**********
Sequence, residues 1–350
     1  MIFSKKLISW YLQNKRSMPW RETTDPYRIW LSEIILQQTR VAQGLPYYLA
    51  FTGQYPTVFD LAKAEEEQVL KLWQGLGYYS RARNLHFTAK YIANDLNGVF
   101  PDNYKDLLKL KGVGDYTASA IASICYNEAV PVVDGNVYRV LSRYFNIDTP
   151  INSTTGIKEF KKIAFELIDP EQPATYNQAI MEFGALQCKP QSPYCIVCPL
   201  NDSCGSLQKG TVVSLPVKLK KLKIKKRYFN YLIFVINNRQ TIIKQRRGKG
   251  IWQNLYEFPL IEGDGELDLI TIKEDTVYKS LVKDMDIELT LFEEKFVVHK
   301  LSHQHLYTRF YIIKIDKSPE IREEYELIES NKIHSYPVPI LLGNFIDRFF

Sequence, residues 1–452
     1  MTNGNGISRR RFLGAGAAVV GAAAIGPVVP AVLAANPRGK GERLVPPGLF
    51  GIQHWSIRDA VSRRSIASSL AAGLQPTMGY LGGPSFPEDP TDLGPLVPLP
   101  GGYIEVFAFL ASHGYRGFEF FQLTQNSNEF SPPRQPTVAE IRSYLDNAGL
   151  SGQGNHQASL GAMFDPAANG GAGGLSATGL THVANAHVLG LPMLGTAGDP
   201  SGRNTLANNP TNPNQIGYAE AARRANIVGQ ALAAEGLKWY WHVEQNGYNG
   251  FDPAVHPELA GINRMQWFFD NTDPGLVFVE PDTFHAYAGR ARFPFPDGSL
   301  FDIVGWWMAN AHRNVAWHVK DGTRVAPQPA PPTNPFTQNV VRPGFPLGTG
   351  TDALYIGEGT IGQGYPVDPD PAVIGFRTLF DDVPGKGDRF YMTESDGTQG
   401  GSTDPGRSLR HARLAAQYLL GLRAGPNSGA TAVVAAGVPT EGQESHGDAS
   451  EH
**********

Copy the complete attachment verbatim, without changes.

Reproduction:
Sequence, residues 1–350
     1  MIFSKKLISW YLQNKRSMPW RETTDPYRIW LSEIILQQTR VAQGLPYYLA
    51  FTGQYPTVFD LAKAEEEQVL KLWQGLGYYS RARNLHFTAK YIANDLNGVF
   101  PDNYKDLLKL KGVGDYTASA IASICYNEAV PVVDGNVYRV LSRYFNIDTP
   151  INSTTGIKEF KKIAFELIDP EQPATYNQAI MEFGALQCKP QSPYCIVCPL
   201  NDSCGSLQKG TVVSLPVKLK KLKIKKRYFN YLIFVINNRQ TIIKQRRGKG
   251  IWQNLYEFPL IEGDGELDLI TIKEDTVYKS LVKDMDIELT LFEEKFVVHK
   301  LSHQHLYTRF YIIKIDKSPE IREEYELIES NKIHSYPVPI LLGNFIDRFF

Sequence, residues 1–452
     1  MTNGNGISRR RFLGAGAAVV GAAAIGPVVP AVLAANPRGK GERLVPPGLF
    51  GIQHWSIRDA VSRRSIASSL AAGLQPTMGY LGGPSFPEDP TDLGPLVPLP
   101  GGYIEVFAFL ASHGYRGFEF FQLTQNSNEF SPPRQPTVAE IRSYLDNAGL
   151  SGQGNHQASL GAMFDPAANG GAGGLSATGL THVANAHVLG LPMLGTAGDP
   201  SGRNTLANNP TNPNQIGYAE AARRANIVGQ ALAAEGLKWY WHVEQNGYNG
   251  FDPAVHPELA GINRMQWFFD NTDPGLVFVE PDTFHAYAGR ARFPFPDGSL
   301  FDIVGWWMAN AHRNVAWHVK DGTRVAPQPA PPTNPFTQNV VRPGFPLGTG
   351  TDALYIGEGT IGQGYPVDPD PAVIGFRTLF DDVPGKGDRF YMTESDGTQG
   401  GSTDPGRSLR HARLAAQYLL GLRAGPNSGA TAVVAAGVPT EGQESHGDAS
   451  EH